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Dharavi: Slum or model village
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World’s most famous slum must
21 June 2011: Dharavi is Asia’s largest and the world’s second-largest ‘slum’, made famous by the film Slumdog Millionaire. Maharashtra’s state government now has plans to re-develop large parts of it. City Mayors’ Urban Development Consultant, Prakash M Apte, describes the plans as perhaps well meaning but certainly misguided. He calls for a remodelling of Dharavi. Prince Charles agrees with him, arguing Dharavi offered a better model than western architecture for housing a booming urban population in the developing world.
be remodelled not redeveloped
By Prakash M Apte, Urban Development Consultant
| Location | History | Economy | Slum or model village | Government plans | Gentrification | Refurbishment | Remodelling | In situ development | How to remodel | Profit orientation | Remodelling Dharavi |
Dharavi spreads over parts of the municipal wards of Sion, Bandra, Kurla and Kalina in suburban Mumbai. It is sandwiched between Mahim in the west and Sion in the east and comprises 175 hectares; Present day Dharavi has a population, of more than 600,000. Dharavi lies between Mumbai's two main suburban railway lines, the Western and Central. To its west are Mahim and Bandra, and to the north the Mithi River which flows through the Mahim Creek into the Arabian Sea. To the South and east are Sion and Matunga. Dharavi’s location and poor drainage render it vulnerable to monsoon floods.
In the 18th century Dharavi was an island. The area was mostly mangrove swamp inhabited by Koli fishermen. This disappeared when the swamps were drained and the separate islands became one landmass, leading to the creation of Bombay, now Mumbai. This caused the creek to dry up, thus depriving Dharavi of fish, its traditional sustenance. The newly filled in marshes provided space for migrants from Gujarat, who established a pottery colony. Maharashtrian tanners of the ‘Chambhar’ (leather workers) community also arrived. Embroidery workers from Uttar Pradesh started the ready-made garments trade, while Tamil migrants began working in the tanneries.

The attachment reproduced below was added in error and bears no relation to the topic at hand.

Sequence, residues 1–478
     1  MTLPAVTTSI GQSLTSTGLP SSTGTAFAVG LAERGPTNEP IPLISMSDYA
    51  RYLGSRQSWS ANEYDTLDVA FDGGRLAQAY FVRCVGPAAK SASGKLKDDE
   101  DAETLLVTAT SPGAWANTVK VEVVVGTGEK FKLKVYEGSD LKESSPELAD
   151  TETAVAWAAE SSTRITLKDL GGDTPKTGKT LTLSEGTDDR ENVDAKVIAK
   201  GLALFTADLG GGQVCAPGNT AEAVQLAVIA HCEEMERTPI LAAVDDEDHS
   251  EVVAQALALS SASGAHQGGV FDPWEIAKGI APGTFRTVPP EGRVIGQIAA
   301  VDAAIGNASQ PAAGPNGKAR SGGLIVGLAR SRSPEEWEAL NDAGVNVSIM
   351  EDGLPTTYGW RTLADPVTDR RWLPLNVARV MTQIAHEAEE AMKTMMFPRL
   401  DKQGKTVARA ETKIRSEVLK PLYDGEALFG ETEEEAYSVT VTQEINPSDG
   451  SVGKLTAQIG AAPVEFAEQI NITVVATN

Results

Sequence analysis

Dharavi pulsates with economic activity. Its population, with no outside help, has achieved a uniquely informal economic system of self-help. Residents, bereft of proper housing, have nevertheless risen from poverty by establishing thousands of successful businesses. A study by the Centre for Environmental Planning and Technology (CEPT, Ahmedabad) found some 5,000 industrial units producing garments, pottery, leather goods and steel fabrication; and services such as recycling and printing. Its recycling industry, which processes waste from Mumbai, is expanding fast. Dharavi has an estimated 15,000 single-room factories. Many products are distributed worldwide. The annual value of goods produced is conservatively estimated at US$500m. Its productive activities are extraordinary they occur in almost every home. Economic activity is decentralised, human in scale, home-based, low-tech and labour-intensive. The result is a pedestrianised, organic, low-rise community-centric landscape. It is network-based, with mixed use and high density but unfortunately depicted as a ‘slum’. This is due to lack of basic facilities such as roads, housing with individual toilets, and public amenities. Dharavi, however, is not a slum but a unique self-contained township.
Slum or model village?
Prince Charles said, Dharavi offered a better model than western architecture for housing ‘a booming urban population in the developing world’. He warned that soaring urban populations could only be accommodated without social and environmental disaster by local urban design rather than ‘a single monoculture of globalization’. Dharavi, he said, possessed such attributes with its use of local materials, walkable neighbourhoods, and mixture of employment and housing. It represents a design ‘totally absent from the faceless slab blocks that are still being built around the world to “warehouse” the poor’.